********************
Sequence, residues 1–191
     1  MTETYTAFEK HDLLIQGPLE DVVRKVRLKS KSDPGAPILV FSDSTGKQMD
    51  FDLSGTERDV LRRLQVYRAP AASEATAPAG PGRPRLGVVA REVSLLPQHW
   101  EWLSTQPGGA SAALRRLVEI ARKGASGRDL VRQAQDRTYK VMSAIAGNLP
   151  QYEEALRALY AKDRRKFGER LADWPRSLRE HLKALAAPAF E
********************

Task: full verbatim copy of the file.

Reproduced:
Sequence, residues 1–191
     1  MTETYTAFEK HDLLIQGPLE DVVRKVRLKS KSDPGAPILV FSDSTGKQMD
    51  FDLSGTERDV LRRLQVYRAP AASEATAPAG PGRPRLGVVA REVSLLPQHW
   101  EWLSTQPGGA SAALRRLVEI ARKGASGRDL VRQAQDRTYK VMSAIAGNLP
   151  QYEEALRALY AKDRRKFGER LADWPRSLRE HLKALAAPAF E